In addition to imbalancing the brain, chronic stimulant use can reduce grey matter in the prefrontal cortex (PFC). The PFC helps regulate planning, decision making, problem solving, and self-control. In many ways, the prefrontal cortex is the part of the brain that deals with higher-level cognitive functioning. When the PFC has abnormally low levels of grey matter, the brain is less able to plan properly, solve problems, and make appropriate decisions. Although small levels of stimulants can help enhance cognitive functioning, moderate and high levels of stimulants are commonly associated with memory problems and poor decision-making ability. One study shows that Adderall can cause significant cognitive damage when students without ADHD illegally use the substance to enhance their grades and school performance.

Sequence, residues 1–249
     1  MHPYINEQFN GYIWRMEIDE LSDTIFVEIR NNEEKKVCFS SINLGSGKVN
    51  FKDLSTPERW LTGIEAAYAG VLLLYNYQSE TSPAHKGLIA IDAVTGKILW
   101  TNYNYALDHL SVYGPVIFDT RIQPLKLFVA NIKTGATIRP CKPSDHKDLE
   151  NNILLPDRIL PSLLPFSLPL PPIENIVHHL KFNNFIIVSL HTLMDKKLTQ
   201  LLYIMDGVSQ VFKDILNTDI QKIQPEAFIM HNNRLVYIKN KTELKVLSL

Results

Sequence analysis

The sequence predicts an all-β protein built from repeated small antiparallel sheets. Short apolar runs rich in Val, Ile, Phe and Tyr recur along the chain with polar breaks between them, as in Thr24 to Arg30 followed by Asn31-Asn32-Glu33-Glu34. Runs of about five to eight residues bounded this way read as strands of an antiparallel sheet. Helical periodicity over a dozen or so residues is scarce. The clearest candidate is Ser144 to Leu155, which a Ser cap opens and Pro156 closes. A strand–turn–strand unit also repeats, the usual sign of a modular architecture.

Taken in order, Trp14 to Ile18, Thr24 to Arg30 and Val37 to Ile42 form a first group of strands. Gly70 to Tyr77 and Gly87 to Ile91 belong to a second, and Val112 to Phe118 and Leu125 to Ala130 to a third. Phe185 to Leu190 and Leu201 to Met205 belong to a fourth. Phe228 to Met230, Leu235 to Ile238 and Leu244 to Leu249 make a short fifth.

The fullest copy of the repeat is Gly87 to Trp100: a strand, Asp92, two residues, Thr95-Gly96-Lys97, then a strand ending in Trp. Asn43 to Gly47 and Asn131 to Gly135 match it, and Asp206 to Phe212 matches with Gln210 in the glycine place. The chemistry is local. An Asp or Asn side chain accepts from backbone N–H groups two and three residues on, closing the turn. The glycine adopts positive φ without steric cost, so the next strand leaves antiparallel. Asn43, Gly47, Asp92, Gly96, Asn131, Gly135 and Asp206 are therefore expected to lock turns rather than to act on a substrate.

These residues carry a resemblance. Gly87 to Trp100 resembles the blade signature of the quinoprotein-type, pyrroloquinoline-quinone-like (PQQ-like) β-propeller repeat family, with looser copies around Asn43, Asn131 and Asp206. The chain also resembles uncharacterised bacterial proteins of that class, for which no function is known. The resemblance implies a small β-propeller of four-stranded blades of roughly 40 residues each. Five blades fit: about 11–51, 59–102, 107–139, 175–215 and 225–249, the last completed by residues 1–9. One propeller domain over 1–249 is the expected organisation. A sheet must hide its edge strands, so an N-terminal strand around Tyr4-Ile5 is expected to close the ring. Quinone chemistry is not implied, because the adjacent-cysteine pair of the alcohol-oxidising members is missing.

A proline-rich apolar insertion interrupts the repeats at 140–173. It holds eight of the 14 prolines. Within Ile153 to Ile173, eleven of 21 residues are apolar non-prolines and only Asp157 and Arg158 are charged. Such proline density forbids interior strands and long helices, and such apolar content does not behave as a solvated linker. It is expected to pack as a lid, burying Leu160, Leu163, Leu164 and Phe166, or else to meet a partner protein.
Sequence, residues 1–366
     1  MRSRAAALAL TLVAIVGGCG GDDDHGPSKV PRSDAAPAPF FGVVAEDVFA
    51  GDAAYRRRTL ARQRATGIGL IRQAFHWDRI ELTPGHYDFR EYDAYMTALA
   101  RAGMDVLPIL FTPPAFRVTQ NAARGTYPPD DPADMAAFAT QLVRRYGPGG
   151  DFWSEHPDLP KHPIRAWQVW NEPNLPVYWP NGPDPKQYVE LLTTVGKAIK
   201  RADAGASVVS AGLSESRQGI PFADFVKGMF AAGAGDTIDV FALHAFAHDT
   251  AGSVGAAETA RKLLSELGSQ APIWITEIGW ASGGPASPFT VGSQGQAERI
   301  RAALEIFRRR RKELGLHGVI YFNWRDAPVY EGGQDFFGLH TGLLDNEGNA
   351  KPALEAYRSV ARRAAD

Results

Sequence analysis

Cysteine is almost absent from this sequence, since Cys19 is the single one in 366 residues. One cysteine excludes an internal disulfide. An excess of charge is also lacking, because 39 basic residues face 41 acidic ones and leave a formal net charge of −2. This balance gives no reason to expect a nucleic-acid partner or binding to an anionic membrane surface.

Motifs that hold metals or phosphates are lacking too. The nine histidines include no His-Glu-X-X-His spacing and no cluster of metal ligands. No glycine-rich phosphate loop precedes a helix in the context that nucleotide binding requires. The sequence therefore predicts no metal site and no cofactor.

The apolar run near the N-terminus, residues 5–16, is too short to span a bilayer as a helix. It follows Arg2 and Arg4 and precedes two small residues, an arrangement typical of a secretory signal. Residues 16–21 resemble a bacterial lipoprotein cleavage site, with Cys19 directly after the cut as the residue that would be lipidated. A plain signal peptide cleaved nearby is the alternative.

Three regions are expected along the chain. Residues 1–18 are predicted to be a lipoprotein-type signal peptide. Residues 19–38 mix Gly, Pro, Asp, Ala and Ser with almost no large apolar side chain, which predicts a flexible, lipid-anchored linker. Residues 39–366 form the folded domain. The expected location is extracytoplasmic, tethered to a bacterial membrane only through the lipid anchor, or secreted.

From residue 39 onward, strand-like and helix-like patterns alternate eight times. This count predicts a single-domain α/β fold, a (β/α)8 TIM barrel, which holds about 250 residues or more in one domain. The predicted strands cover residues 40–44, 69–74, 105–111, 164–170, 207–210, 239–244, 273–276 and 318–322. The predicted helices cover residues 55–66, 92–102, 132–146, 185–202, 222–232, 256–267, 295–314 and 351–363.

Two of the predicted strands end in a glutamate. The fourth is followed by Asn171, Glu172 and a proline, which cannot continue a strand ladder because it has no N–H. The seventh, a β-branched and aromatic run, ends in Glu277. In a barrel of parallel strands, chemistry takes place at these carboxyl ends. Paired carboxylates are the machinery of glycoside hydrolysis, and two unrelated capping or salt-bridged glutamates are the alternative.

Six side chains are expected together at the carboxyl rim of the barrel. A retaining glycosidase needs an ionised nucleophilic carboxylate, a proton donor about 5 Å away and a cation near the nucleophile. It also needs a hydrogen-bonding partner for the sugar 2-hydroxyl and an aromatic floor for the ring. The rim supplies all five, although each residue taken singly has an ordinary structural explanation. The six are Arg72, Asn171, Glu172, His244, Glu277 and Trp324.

Researchers have discovered that stimulants also interfere with dopamine transmission in the medial prefrontal cortex. The primary role of the medial prefrontal cortex is to set and achieve goals. Typically, dopamine helps regulate what the brain focuses on. But stimulants produce changes in the medial prefrontal cortex that incorrectly interpret dopamine transmissions, making stimulant users focus on consuming more stimulant drugs, making users more impulsive, and making addiction challenges more difficult to overcome.